Philly TSA supervisor Charles Kieser sent a traveller to jail for asking to file a complaint


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Christ, what a Kieser!


It’s amazing that people will lie when they know they’re being recorded. What a maroon!


From the sounds of it, Kieser was quite a keister. Close enough.


Good thing perjury committed by law enforcement is regularly and severely punished.


Sorry, couldn’t keep it back.


Maybe if they were allowed to SEE the video before they make up their lie it would be a more convincing lie. Isn’t there something like this with police that have those built in cameras on their person?


When is this ‘agency’ going to be shut down? They are completely worthless and couldn’t catch a terrorist if said terrorist was standing in front of them screaming and yelling.


This is a dumb question (but Im a dumb person) … How do they get punished? (or was that typed sarcastically - I’m dumb, I can’t tell )

I was being sarcastic. Lying on the witness stand is a crime, a felony that can end in prison time. I have never heard of a cop or LEO getting punished for it.


What can I, as a private, concerned citizen do to make sure Charles Kieser is chained to dungeon wall and eaten by rats?

Sorry, I meant harshly reprimanded and summarily dismissed.


I think they have qualified impunity it the deception is part of their job.

Make a trip to home depot and petsmart? :smile:


Plus Ikea on a Saturday or the weekend before the local university begins the fall session.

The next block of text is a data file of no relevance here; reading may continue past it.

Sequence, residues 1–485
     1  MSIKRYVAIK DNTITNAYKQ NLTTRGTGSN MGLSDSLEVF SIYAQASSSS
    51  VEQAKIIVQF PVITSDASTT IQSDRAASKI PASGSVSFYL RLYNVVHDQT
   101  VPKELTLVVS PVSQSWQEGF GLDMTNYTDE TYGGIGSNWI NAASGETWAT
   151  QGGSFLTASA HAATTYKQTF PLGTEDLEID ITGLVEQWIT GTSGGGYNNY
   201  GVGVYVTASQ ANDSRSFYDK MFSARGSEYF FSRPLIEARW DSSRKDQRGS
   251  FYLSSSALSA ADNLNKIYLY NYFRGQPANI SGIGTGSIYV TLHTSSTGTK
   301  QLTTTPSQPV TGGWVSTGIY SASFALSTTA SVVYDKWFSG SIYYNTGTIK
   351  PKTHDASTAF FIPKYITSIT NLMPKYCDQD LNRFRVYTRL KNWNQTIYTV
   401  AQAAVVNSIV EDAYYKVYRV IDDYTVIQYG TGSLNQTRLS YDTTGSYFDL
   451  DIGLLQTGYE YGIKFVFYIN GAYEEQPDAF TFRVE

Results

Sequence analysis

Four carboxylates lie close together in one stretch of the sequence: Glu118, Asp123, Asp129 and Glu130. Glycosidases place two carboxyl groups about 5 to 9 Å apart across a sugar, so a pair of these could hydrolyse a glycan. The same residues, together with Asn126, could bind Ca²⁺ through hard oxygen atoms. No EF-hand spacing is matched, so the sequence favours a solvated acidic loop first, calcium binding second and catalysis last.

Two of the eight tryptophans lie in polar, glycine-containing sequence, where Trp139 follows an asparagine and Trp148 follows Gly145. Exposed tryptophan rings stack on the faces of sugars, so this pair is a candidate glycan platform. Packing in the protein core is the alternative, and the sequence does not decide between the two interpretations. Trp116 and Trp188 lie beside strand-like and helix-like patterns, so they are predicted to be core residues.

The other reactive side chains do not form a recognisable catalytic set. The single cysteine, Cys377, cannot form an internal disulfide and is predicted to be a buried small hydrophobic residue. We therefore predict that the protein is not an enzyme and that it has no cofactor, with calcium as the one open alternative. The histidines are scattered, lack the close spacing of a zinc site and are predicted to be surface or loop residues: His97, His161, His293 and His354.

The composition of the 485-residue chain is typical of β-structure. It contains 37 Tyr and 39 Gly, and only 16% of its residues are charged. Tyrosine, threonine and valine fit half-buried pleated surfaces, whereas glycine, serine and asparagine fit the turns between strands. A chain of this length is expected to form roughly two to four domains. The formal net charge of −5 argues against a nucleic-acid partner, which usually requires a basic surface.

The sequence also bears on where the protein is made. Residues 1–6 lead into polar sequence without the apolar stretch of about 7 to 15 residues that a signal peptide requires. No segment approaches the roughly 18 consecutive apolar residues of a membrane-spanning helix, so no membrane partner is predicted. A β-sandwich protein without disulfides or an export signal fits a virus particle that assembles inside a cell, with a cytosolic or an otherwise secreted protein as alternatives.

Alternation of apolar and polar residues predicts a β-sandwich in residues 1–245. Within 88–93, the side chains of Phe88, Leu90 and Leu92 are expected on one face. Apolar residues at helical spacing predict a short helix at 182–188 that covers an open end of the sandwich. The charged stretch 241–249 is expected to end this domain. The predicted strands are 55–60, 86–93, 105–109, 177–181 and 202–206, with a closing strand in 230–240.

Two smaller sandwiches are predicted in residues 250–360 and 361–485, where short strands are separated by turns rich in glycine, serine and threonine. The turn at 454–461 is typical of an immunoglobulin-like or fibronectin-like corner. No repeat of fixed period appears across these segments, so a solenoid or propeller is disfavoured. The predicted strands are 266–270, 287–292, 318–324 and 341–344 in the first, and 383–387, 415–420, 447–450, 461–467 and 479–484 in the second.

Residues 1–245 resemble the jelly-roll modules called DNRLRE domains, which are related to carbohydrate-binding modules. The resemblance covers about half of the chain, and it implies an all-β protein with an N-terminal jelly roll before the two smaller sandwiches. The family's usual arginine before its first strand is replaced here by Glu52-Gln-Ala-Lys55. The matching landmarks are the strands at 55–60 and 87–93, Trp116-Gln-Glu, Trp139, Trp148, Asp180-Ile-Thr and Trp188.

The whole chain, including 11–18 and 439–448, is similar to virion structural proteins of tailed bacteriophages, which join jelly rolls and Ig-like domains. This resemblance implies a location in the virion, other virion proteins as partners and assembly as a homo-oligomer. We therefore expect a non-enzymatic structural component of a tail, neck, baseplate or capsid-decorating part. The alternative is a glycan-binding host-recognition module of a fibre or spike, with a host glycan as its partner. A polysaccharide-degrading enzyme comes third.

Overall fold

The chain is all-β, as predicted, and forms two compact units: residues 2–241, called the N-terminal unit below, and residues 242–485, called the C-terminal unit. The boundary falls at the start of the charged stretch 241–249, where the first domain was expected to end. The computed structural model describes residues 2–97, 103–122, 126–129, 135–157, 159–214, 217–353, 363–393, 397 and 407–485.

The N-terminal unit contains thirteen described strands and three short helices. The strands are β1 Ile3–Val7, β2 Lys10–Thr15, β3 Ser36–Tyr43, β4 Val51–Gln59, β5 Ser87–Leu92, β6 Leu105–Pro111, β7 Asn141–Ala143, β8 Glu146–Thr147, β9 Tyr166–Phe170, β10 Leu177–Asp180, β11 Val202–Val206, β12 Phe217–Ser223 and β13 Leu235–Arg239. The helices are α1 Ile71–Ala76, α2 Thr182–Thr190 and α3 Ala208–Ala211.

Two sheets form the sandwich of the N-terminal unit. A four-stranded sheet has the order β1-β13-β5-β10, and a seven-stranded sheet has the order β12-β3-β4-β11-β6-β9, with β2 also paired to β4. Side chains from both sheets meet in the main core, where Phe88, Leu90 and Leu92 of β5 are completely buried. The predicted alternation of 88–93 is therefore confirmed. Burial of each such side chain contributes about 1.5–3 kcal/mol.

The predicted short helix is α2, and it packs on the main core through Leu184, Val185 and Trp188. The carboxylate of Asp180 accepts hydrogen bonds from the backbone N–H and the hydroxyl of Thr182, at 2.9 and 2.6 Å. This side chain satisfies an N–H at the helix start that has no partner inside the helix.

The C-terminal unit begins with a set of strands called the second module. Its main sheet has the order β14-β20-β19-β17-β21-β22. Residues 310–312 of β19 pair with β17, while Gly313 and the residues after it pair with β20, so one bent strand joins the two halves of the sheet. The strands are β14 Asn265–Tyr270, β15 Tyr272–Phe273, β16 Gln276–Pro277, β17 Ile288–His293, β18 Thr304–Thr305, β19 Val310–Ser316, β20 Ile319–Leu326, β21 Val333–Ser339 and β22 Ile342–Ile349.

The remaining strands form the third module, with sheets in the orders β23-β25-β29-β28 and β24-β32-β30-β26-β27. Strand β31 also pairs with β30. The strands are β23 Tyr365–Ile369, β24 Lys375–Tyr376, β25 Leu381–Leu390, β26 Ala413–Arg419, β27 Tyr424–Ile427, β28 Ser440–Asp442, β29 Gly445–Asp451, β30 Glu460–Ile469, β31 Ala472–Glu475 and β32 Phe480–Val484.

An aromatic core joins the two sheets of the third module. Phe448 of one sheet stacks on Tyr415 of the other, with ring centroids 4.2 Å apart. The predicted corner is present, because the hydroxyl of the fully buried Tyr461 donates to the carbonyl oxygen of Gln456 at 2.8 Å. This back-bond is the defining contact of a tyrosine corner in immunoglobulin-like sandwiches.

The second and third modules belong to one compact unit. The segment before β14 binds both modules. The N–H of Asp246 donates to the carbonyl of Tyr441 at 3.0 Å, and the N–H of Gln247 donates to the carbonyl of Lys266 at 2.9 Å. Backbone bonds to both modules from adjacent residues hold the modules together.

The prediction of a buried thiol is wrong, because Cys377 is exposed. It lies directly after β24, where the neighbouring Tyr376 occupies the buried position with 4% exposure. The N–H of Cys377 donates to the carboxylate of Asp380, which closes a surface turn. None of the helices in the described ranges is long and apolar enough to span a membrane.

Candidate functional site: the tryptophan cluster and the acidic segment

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“Last week, Malone filed a suit on Vanderklok’s behalf against the TSA,
the Philadelphia Police Department and the Department of Homeland
Security, alleging that Vanderklok was willfully deprived of his liberty
because he had the gall to say that he wanted to file a complaint.”

THIS is the problem, if people keep suing the departments than the stupid people working there, no one will never be fired or change. Sue the idiots who work there instead and take their pensions, THEN and only then, will things change…

Immunity? No. Cops are not immune from prosecution for perjury. LEOs and prosecutors cannot knowingly lie in court. Prosecutors are not even allowed to put someone on the witness stand if they know that person is going to lie.

Cops can lie to a person to extract a confession, e.g. “We have your DNA, we know it’s you.” This is during the course of an investigation, and there’s no law against it, just like lying is not a crime generally. (Lying to the police is, however, a crime in most jurisdictions, but remaining silent is not. Which is why no one should ever talk to the police.) But in court, where they swear to tell the truth, they cannot lie without committing a felony. No exceptions. They cannot lie to a court even if they are “undercover.”


“aggressive finger-pointing”
Like this?


It’s the last time I take my pants belt off for you, Uncle.

Could they sue both?

One would hope, given that(while just) suing individual TSA flunkies is unlikely to be terribly lucrative, possibly not even a break-even proposition given the costs and uncertainties of a civil case. TSA screeners are not terribly sympathetic characters, and have an unpleasant tendency to act as though they are Lord Captain America of their pitiful little fiefdom; but they don’t exactly rake in the cash.

If the victim wants to actually see financial redress, they really have little choice but to go after the organization.

The real failure in this case is that the TSA guy never saw any penalty for the blatant perjury, for which he easily deserves some years behind bars.

Probably nothing; but I wonder if enough people could be rallied behind the simple act of remembering Mr. Kieser’s face and, should they see him when passing through Philadelphia International Airport, asking him(loudly enough for others to hear; but no shouting or disorder) “Are you Charles Kieser? I read about you! You’re the guy who had a passenger arrested for no reason and then perjured himself in court! I never thought I’d actually meet you!”.

Humans are social animals, and shame gnaws at you if you cannot escape it. In this case, I’d say that that is not such a bad thing.